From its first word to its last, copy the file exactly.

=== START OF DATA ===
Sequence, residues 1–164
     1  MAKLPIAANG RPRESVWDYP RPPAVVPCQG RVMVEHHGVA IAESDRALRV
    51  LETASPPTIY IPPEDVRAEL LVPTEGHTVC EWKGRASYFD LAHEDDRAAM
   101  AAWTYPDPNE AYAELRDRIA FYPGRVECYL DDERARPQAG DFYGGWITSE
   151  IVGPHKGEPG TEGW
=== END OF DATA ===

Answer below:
Sequence, residues 1–164
     1  MAKLPIAANG RPRESVWDYP RPPAVVPCQG RVMVEHHGVA IAESDRALRV
    51  LETASPPTIY IPPEDVRAEL LVPTEGHTVC EWKGRASYFD LAHEDDRAAM
   101  AAWTYPDPNE AYAELRDRIA FYPGRVECYL DDERARPQAG DFYGGWITSE
   151  IVGPHKGEPG TEGW